IRAN'S CHESSBOARD. Kevin Drum takes up the question of how involved Iran and Syria have been in recent events in the Middle East. While Los Angeles Times reporters speaking primarily to American or U.S.-based sources painted an inconclusive picture, a Gaza-based New York Times reporter's overseas sources pointed a more direct finger at Tehran:

An Arab intelligence officer working in a country neighboring Israel said it appeared that Iran � through Hezbollah � had given support to Mr. Meshal to stage the seizure of Corporal Shalit. The officer said the Shalit case, even before the capture of two more Israeli soldiers, amounted to Hezbollah and Iran sending a message: �If you want to hurt us, there are tools that we have and that we can use against you.�

Israeli intelligence officers and analysts say they believe that the message is primarily Iran�s, acting through Hezbollah and Mr. Meshal.

Itamar Rabinovich, former Israeli ambassador to Washington and chief negotiator with Syria on a peace treaty that never quite materialized, sees Iran �on a roll, looking for regional hegemony.� Even without nuclear weapons, Iran is acquiring considerable influence in Lebanon, in Syria and with the Palestinians, not to speak of Iraq.

Further, while it may seem to domestic observers that such provocations would increase the likelihood of American military intervention against Iran or Syria by making them focal points (already chest-thumping neoconservative pundits are calling for war, arguing that the Iranians "have made their threat to America and its interests more obvious and more urgent--providing a stronger case for war than their nuclear program could provide"), it's hard to imagine that Iran would have supported or allowed such provocations by its clients if it believed that regional chaos would increase the odds of an American attack -- or even economic sanctions -- which they very much hope to avoid. I hate to cite anything from Powerline, but this from a Andrew Jacobson strikes me as an equally plausible scenario:

Iran has orchestrated much (if not all) of the current unrest and violence in order to: (i) distract attention from its nuclear weapons program, (ii) tie down Israel militarily in order to reduce the chances that Israel could unilaterally (or in combination with the U.S.) launch a preemptive strike on Iran's nuclear facilities, (iii) scare the American public (and politicians) into rejecting any unilateral military option against Iran for fear of further inflaming the Mideast (e.g., "Geez, we've already got huge issues in North Korea, Gaza, Lebanon, Iraq and Afghanistan, we can't possibly afford any further foreign entanglements" or "We better not do anything to Iran, we might further inflame the Mideast, threaten our oil supply and the U.S. economy" (Lord knows we don't want to pay $%/gallon for our SUV's)), and (iv) create world furor against Israel (and indirectly the U.S.), to further raise the stakes and international opposition to any unilateral military strikes.

There is no question that the U.S. will suffer economically from war in the Middle East -- we've already seeing gas prices jump over the past few days -- and that the U.S. public (rightly) already has no appetite for further foreign entanglements. A reorientation of U.S. foreign policy from agitating for a conflict with Iran to soothing the conflict between Israel and Lebanon is very much in Iran's interests. That Israel gets a hail of rockets and international condemnation along the way is a plus, as is the damage to the U.S. economy from increased energy costs. Recall, too, that we're already at high risk of recession in the wake of the Federal Reserve Bank's rate-raising spree, and experiencing income stagnation everywhere but at the very top of the scale. A war-related energy shock on top of that would be a disaster for the average American -- and that's not even counting the possibility of another hurricane season like last year's in the Gulf of Mexico, which already has one energy analyst predicting crude oil prices of more than $80 a barrel by fall. Recall, too, that broadly-shared economic pain tends to get domestic political parties ousted from power, and that America's ruling party is already facing a serious challenge to its grip on power in elections that are just three and a half months away.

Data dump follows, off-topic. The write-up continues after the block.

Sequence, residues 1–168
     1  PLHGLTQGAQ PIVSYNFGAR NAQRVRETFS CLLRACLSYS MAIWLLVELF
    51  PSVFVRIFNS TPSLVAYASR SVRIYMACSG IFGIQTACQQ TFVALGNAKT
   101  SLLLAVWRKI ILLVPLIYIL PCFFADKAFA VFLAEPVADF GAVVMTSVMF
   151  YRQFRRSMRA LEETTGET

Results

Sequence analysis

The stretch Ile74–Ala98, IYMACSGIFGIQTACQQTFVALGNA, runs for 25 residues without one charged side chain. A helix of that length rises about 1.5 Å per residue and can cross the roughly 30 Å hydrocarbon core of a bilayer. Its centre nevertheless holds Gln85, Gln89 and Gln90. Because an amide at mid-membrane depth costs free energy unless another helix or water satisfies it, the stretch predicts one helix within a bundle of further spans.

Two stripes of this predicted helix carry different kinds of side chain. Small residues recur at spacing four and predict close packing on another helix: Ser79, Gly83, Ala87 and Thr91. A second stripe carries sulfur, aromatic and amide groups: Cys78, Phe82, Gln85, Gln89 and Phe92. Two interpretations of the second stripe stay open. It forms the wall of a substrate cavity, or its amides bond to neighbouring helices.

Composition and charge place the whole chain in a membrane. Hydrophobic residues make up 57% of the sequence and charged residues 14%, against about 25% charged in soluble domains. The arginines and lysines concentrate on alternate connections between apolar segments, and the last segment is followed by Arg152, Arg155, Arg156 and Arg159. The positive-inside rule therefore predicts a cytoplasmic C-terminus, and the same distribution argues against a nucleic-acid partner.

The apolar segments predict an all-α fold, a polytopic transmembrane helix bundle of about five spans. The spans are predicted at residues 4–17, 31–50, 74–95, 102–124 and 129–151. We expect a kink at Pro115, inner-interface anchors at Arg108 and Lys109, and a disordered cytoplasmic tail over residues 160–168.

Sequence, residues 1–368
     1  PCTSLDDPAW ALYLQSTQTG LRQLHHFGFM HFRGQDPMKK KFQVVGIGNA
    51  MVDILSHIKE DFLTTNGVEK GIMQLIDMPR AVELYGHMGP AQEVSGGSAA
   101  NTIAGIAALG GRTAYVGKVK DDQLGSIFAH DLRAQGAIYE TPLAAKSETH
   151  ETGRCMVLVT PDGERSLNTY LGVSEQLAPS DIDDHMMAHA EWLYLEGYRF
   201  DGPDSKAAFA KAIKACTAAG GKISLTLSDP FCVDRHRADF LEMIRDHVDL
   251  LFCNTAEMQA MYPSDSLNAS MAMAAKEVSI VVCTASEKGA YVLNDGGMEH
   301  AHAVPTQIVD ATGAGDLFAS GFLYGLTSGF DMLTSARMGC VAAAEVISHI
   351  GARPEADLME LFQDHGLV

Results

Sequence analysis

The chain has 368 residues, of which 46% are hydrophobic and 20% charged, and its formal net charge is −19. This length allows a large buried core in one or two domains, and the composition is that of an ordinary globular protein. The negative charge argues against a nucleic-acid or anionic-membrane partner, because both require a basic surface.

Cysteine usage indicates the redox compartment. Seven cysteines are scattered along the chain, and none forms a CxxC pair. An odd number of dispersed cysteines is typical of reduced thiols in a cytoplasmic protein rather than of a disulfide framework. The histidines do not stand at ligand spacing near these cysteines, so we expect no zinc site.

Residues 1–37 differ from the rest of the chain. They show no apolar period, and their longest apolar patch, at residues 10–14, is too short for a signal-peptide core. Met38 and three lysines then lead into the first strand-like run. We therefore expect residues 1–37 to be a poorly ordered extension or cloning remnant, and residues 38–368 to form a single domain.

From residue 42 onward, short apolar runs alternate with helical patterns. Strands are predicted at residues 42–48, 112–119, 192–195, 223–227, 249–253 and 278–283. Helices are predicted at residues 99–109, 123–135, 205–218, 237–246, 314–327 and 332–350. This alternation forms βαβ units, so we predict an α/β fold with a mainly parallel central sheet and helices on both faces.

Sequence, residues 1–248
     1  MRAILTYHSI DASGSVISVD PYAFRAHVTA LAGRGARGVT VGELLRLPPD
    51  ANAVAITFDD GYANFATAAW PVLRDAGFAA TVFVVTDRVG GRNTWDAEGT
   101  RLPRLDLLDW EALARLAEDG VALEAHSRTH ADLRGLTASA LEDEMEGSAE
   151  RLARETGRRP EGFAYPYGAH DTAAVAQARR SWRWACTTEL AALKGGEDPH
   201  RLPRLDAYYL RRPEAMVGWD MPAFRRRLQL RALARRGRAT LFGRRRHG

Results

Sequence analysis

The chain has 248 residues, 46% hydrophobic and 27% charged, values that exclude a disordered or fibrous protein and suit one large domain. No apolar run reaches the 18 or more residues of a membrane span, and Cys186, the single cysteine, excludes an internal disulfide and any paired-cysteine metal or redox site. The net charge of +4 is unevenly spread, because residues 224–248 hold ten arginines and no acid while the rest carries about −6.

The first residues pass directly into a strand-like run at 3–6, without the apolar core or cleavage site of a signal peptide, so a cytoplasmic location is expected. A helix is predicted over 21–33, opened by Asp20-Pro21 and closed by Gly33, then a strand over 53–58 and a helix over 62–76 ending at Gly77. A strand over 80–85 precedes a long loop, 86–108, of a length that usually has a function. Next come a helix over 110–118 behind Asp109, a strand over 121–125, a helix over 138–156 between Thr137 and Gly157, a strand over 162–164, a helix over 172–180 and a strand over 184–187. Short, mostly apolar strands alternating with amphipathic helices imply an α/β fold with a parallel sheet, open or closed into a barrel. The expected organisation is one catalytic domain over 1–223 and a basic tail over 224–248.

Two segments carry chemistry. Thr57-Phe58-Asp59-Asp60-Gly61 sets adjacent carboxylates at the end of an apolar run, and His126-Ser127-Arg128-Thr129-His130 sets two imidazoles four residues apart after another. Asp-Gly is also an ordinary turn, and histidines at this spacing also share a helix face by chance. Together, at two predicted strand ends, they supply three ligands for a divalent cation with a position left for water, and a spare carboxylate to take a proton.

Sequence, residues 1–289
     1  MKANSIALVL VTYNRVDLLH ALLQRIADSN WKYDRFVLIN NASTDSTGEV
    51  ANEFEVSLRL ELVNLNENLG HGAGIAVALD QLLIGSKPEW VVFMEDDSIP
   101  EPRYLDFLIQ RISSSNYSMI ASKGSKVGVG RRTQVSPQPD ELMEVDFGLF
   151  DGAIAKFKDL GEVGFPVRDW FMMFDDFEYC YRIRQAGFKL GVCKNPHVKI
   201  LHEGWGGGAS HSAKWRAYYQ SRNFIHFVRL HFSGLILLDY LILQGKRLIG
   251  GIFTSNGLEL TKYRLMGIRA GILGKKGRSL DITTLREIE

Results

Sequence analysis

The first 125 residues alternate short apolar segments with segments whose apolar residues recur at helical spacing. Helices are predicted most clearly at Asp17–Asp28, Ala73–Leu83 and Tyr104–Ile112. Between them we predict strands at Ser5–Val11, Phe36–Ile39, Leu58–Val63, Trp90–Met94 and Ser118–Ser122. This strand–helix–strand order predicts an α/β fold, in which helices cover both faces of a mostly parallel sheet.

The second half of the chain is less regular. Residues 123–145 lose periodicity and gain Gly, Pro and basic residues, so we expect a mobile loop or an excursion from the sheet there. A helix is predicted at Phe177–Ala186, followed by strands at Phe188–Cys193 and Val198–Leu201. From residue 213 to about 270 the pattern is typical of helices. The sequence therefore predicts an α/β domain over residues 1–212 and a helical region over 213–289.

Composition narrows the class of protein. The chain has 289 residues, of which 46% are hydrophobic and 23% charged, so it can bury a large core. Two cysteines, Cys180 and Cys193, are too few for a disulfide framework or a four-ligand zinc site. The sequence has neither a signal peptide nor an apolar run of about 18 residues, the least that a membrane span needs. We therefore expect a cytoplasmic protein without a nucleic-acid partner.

Syria is a whole different question, and focusing international attention on Syria's role in fomenting the present violence may actually aid the Lebanese in their desire to finally get Hezbollah to disarm, as required by U.N. resolution 1559. Michael Young lays out that case in today's New York Times, as Matt noted below, and there is a real opportunity here for both the Lebanese and the Israelis to create international pressure on Syria and support for Hezbollah disarmanent. But, as Young notes, that would require Israel to focus its attack on Hezbollah and stop putting pressure on Lebanon as a whole. Taking out the airports and bridges and blockading the port is a strategy designed to make all of Lebanon -- beautiful, resurgent Lebanon, the vacation destination of choice in the Middle East and for more than a million people a year -- suffer. Israeli intelligence and military officials know very well where most of the Hezbollah encampments along the border are -- heck, you can see them from Israel, along with the yellow Hezbollah flag -- and could take those out if it wanted to focus its attack on the terrorists. Instead, its early military moves have nationalized the attack on Lebanon, when the solution would seem to involve strengthening, not weakening, the Lebanese government's position vis a vis Hezbollah.

--Garance Franke-Ruta